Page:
Document Type

Journal Article

Date of this Version

10-2011

Publication Source

Heart & Lung: The Journal of Acute and Critical Care

Volume

40

Issue

5

Start Page

393

Last Page

404

DOI

10.1016/j.hrtlng.2011.02.002

Abstract

Objective

We investigated the relationship between anxiety and event-free survival (ie, composite endpoint of death, emergency department visits, or hospitalizations) for patients with heart failure (HF), and examined whether behavioral and physiologic mechanisms mediate any association between anxiety and outcomes.

Methods

In this longitudinal study, patients with HF completed the anxiety subscale of the Brief Symptom Inventory, and heart-rate variability and plasma norepinephrine levels were measured. Dietary adherence and medication adherence were measured according to 24-hour urine sodium level and the Medication Event Monitoring System, respectively. Patients were followed at least 1 year for event-free survival.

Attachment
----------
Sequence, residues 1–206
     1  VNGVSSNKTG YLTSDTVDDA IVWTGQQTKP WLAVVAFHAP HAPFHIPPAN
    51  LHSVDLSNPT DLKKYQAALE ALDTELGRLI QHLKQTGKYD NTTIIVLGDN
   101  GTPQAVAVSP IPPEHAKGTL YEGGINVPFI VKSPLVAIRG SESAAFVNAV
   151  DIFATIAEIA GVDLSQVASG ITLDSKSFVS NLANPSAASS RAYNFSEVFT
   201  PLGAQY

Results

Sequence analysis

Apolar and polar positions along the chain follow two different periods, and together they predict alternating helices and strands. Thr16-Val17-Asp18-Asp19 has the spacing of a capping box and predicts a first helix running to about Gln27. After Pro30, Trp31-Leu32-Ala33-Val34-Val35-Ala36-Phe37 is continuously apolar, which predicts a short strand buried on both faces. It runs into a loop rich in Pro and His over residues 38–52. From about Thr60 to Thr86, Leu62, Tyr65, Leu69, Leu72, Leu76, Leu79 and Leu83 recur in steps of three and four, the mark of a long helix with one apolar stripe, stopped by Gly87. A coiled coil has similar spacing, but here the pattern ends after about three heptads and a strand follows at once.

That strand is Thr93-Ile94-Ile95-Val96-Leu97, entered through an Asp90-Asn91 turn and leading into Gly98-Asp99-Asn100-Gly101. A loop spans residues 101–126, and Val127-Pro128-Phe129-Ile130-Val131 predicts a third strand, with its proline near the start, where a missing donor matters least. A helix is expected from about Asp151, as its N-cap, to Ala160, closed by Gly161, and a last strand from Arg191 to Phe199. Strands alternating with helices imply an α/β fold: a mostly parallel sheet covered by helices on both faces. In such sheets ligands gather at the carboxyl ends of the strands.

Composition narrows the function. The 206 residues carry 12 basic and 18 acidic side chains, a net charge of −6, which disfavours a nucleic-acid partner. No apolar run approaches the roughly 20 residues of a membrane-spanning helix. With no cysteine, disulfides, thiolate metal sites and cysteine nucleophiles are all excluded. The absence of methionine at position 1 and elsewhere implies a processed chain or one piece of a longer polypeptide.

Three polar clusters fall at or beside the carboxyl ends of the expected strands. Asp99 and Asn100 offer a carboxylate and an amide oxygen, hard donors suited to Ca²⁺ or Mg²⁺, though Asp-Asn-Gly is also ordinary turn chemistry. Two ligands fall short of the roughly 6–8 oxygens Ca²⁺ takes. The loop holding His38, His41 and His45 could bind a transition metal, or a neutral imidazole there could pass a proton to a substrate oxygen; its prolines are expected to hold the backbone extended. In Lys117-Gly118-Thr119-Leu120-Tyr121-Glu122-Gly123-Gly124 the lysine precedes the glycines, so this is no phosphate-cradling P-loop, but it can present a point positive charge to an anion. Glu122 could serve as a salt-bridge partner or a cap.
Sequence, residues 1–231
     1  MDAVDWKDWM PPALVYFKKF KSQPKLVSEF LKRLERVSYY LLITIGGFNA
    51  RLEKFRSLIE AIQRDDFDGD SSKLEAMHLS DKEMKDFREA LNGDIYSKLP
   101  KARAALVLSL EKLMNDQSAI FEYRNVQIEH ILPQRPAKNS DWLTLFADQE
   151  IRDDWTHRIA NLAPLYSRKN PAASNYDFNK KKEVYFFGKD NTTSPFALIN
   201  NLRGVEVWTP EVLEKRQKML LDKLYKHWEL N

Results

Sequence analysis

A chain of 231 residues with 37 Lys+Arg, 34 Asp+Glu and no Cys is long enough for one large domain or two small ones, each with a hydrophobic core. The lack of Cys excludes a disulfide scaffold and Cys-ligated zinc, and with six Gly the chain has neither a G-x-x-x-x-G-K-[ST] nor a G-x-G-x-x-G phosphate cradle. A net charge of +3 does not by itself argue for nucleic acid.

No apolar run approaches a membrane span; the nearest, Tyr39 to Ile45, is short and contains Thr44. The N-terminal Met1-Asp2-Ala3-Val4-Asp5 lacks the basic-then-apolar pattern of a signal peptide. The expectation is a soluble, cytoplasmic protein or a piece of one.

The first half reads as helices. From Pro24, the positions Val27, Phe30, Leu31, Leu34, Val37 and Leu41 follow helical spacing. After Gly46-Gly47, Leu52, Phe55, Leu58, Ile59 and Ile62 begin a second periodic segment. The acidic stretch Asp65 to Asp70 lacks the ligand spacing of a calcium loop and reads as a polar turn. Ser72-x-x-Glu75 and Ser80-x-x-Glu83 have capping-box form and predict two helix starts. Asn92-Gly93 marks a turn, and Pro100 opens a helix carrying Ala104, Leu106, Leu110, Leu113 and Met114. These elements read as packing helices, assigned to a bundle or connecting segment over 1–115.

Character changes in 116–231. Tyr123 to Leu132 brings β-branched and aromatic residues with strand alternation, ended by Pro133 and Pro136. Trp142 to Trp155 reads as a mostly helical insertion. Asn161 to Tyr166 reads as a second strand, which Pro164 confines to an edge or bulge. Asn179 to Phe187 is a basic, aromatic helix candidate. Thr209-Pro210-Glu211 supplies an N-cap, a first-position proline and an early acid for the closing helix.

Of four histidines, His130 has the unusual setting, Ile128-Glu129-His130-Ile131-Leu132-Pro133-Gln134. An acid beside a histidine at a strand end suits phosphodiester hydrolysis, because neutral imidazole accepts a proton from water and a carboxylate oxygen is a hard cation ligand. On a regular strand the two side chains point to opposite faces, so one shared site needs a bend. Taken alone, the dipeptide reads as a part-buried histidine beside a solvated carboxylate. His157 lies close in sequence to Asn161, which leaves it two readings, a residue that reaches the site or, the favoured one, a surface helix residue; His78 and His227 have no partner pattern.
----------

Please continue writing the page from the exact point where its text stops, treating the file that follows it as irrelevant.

Results

In total, 147 patients were enrolled. Patients with high anxiety had a shorter (hazard ratio, 2.2; 95% confidence interval, 1.1-4.3; P = .03) period of event-free survival than patients with lower anxiety. Anxiety independently predicted adherence to medication (P = .008), which in turn predicted event-free survival (hazard ratio, 2.0; 95% confidence interval, 1.2-3.3; P = .008). The effect of anxiety (P = .17) on event-free survival was less significant when the regression model included both anxiety and adherence to medication than when the model only included anxiety (P = .03), indicating that adherence to medication mediated the relationship between anxiety and event-free survival.

Conclusion

This is the first study to show that nonadherence to medication links anxiety and event-free survival for patients with HF. Interventions that reduce anxiety and improve adherence may benefit outcomes.

Copyright/Permission Statement

NOTICE: This is the author’s version of a work that was accepted for publication in Heart & Lung. Changes resulting from the publishing process, such as peer review, editing, corrections, structural formatting, and other quality control mechanisms, may not be reflected in this document. Changes may have been made to this work since it was submitted for publication. A definitive version was subsequently published in Heart & Lung, 2011, 40(5), 393-404, doi: 10.1016/j.hrtlng.2011.02.002

Keywords

heart failure, anxiety, adherence, event-free survival

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Date Posted: 01 June 2016

This document has been peer reviewed.